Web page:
Tick tracer. Glow meter. Sniffer. They go by many names, but capacitive voltage sensors are all designed to do one thing: detect the presence of voltage in a wire or piece of equipment without actually making direct contact with the conductor or energized part. These test tools are popular because they're inexpensive, easy to use, and small enough to fit in a shirt pocket.
Recently, however, more and more end-users have raised questions about the principles behind the devices' design, their correct application, and appropriate safety precautions associated with their use. How does this thing work anyway? How can it detect voltage without making metallic contact? Can it detect live conductors inside a grounded metal conduit?
As with all pieces of test equipment, it's a good idea to first understand the basic principles of operation of a device before you go out and try to use it. This way you'll keep yourself out of harm's way and know exactly when and where it will and won't work. And the following FAQ should give you a good head start toward that goal.
Q. What is the principle of operation behind this test instrument?
A. The test instrument works on the principle of capacitive coupling. To understand this, let's return momentarily to electrical circuit theory and recall how a capacitor works. A capacitor has two conductors, or “plates,” that are separated by a non-conductor called a dielectric. If we connect an AC voltage across the two conductors, an AC current will flow as the electrons are alternately attracted or repelled by the voltage on the opposite plate. In other words, there's a complete AC circuit even though there's no “hard-wired” circuit connection. The electrical field inside the capacitor, between the two plates, is what completes the AC circuit.
Capacitors are often thought of as individual circuit components, but in reality the world is full of small stray capacitors you might not normally think about. For instance, suppose you're standing on a carpeted concrete floor directly under a 120V light fixture and the light is on. Your body is conducting a very small AC current because it's part of a circuit consisting of two capacitors in series. The two conductors or plates of one capacitor are the live element in the light bulb and your body. The dielectric is the air between them. The two conductors for the second capacitor are your body and the concrete floor. The dielectric for the second capacitor is the carpet, plus your shoes and socks. This second capacitor is much larger than the first. Understanding how the voltage divides between these two capacitors in series is critical to understanding how the capacitive voltage sensor works.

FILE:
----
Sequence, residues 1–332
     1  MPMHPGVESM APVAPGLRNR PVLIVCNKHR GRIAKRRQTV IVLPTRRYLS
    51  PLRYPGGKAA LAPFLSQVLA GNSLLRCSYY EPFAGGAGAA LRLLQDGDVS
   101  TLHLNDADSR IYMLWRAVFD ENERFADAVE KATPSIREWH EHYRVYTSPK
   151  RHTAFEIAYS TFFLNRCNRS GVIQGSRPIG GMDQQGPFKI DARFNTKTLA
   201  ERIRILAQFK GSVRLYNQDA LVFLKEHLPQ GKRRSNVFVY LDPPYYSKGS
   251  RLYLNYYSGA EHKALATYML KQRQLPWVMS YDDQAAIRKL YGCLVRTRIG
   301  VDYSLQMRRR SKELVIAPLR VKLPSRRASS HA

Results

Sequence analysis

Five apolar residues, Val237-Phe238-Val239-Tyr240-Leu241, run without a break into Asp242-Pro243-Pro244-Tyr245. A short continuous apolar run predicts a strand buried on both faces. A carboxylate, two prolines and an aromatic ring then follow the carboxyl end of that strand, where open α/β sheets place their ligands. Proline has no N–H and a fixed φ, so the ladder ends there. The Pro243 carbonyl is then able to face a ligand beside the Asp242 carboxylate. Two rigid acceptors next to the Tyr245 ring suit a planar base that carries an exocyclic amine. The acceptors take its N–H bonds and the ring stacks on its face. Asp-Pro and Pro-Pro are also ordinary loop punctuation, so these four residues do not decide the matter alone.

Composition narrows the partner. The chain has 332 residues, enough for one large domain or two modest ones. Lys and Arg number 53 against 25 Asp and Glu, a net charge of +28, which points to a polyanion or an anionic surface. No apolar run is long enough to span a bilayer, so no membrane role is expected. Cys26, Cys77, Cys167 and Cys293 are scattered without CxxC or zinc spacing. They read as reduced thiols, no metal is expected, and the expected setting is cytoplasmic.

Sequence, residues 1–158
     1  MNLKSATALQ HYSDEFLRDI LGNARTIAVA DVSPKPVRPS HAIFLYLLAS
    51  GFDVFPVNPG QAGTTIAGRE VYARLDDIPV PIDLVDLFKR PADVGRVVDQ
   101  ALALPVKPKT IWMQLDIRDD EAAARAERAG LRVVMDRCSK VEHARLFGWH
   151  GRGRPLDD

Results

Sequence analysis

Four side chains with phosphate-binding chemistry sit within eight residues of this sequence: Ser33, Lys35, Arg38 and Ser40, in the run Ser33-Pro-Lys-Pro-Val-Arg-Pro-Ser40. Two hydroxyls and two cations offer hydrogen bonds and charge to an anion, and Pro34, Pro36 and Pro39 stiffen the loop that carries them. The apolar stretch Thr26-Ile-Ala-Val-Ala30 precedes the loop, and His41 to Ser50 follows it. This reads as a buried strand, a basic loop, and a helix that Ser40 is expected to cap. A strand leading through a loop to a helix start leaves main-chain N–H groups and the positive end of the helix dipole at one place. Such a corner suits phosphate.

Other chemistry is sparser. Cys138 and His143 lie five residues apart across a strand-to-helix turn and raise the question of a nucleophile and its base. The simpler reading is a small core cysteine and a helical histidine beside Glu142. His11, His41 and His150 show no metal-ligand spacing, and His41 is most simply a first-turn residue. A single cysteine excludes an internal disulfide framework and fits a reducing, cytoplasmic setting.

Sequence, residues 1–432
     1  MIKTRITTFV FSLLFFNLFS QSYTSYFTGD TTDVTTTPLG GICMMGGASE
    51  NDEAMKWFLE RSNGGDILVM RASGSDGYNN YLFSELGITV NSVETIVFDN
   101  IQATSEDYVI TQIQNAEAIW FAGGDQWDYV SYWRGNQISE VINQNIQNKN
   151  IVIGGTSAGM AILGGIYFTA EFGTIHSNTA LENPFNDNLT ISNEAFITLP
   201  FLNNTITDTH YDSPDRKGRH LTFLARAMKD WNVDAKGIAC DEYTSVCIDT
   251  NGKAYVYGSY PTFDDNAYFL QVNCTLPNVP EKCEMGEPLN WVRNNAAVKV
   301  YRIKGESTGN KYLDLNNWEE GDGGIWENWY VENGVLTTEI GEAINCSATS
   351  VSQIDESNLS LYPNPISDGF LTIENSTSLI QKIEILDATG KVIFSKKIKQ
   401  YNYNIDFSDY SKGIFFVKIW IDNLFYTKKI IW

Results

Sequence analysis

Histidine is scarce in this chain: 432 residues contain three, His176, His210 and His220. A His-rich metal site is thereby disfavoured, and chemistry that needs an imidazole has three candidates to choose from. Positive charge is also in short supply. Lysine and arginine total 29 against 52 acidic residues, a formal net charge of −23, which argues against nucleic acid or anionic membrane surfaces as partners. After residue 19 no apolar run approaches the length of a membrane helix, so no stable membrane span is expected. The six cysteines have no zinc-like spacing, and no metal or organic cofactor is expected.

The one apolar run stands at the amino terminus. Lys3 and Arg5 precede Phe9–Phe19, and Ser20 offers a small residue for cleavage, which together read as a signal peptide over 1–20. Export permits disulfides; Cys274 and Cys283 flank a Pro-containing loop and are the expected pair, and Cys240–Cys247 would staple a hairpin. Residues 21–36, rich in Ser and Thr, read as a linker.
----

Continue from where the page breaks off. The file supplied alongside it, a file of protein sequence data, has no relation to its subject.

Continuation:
Let's return to the electrical circuit theory again. In a series circuit, the largest voltage will develop across the largest impedance (Ohm's Law). With capacitors, the smaller the capacitor, the larger the impedance, which is known as capacitive reactance. Thus, when two capacitors are in series, the largest voltage will develop across the smallest capacitor.
In the above example, only a few volts will develop between your feet and the floor (the large capacitor) while the remainder of the 120V will be between your head and the light bulb (the small capacitor). Now if you hold the barrel of a capacitive voltage sensor in your hand and place it near the conductors of the light fixture, you're basically inserting a high impedance-sensing element into a capacitively coupled series circuit. Your hand, arm, body, and feet form a relatively large capacitor coupled to the floor. The sensor tip is a small capacitor coupled to the live conductor. As a result, the sensing circuit in the tester detects voltage and signals to you via a lamp, tone, ticking noise, or buzzer that voltage is present. Thus the nicknames: glow meter, tick tracer, and sniffer.
Q. Will the sensor still work as designed if I'm not holding it? What if I'm standing on a wooden ladder?